Parallelizing simple algorithms series

Fibonacci Spiral

Fibonacci Spiral

In the following weeks, I will try to write some posts about parallelizing simple algorithms with the Erlang programming language. The main motivation for executing program instructions in parallel is to complete the computation faster than the sequential equivalent solution. As it is used, when someone wants to present the “parallelization power” of a programming language/model, the Fibonacci numbers are used. So, following this conversion, my first post will be about parallelizing the calculation of the Fibonacci integer sequence.

Theory & Goals

Parallel computations can generally be categorized in two main classes; the data and the task parallel computations. These classes can be defined as:

  • Data parallel: A data parallel computation is one in which parallelism is applied by performing the same operation to different items of data at the same time; the amount of parallelism grows with the size of the data.
  • Task parallel: A task parallel computation is one in which parallelism is applied by performing distinct computations – or tasks – at the same time. Since the number of tasks is fixed, the parallelism is not scalable.

What I currently have in mind is to mostly (probably only) explore data parallelism. One simple reason for this decision is that the algorithms that I plan to parallelize are rather simple to be task parallelizable. In any case, in every post I will mention in detail the theory/motivation behind the parallelization.

Next I will formulate parallelism according to the level of parallelization:

  • No parallelism: sequential execution of the program instructions.
  • Fixed  parallelism: a solution that applies a fixed amount of parallelism. For example, if the solution is designed for k-core machine, it would possibly be a k-way parallel algorithm. It is obvious that fixed parallelism has scalability problems, since it is built for a specific execution environment.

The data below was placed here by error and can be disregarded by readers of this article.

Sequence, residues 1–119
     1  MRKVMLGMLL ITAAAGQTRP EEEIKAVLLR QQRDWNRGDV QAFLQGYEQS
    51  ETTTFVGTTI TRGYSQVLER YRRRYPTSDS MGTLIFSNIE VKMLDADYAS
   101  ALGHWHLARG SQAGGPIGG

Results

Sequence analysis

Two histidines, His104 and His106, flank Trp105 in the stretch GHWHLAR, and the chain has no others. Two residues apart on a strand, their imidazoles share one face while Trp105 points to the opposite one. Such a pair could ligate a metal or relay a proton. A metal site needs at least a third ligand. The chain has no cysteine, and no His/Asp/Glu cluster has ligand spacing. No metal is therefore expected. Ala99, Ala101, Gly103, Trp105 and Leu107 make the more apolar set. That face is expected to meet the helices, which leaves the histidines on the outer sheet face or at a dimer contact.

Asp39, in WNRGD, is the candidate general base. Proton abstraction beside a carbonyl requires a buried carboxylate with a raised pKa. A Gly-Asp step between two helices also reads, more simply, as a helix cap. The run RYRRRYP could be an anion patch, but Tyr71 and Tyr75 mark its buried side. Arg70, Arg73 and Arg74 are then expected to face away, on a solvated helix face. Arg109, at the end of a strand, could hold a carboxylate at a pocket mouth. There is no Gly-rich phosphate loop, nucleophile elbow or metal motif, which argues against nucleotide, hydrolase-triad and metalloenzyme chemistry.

• Unlimited parallelism: a solution that applies all possible parallelism. For example, if we wanted to calculate the number of even numbers in an k-length integer array, we would use k-way parallelism. In most of the cases (where k >> number of cores) unlimited parallelism is going to have the opposite results than the ones expected; it will degrade the performance of the algorithm.
  • Scalable parallelism: a  solution that applies the proper amount of parallelism, according to the execution environment available and the problem to be solved. As it is easily understood, scalable parallelism is the one that someone should try to achieve.

Of course, achieving scalable parallelism is in most of the times severely more difficult than fixed and unlimited parallelism. A characteristic example is the Bitonic sort, which is the scalable parallel version of the mergesort sorting algorithm. In my tests I will try to create scalable parallel solutions, but in many cases I will simply use fixed parallel ones.

In a nutshell, my main goals from the following posts will be:

  1. to introduce the power of parallelism
  2. to relate the theory of parallelism (task vs. data, no vs. fixed vs. unlimited vs. scalable) with some practical examples
  3. and to present how “interesting” the Erlang programming language is

About Erlang

Erlang is a functional programming language which has many features more commonly associated with an operating system than with a programming language: concurrent processes, scheduling, memory management, distribution, networking, etc.

The initial open-source Erlang release contains the implementation of Erlang, as well as a large part of Ericsson’s middleware for building distributed high-availability systems.

“Experimental Setup”

The programmed solutions will be benchmarked in a machine with the following characteristics:

  • Intel Core 2 Duo @ 1.8GHz, 2GB RAM, 3GB swap
  • Ubuntu 10.10, kernel version 2.6.35-24
  • Erlang R13B03, SMP enabled
Series NavigationParallelizing simple algorithms : Fibonacci

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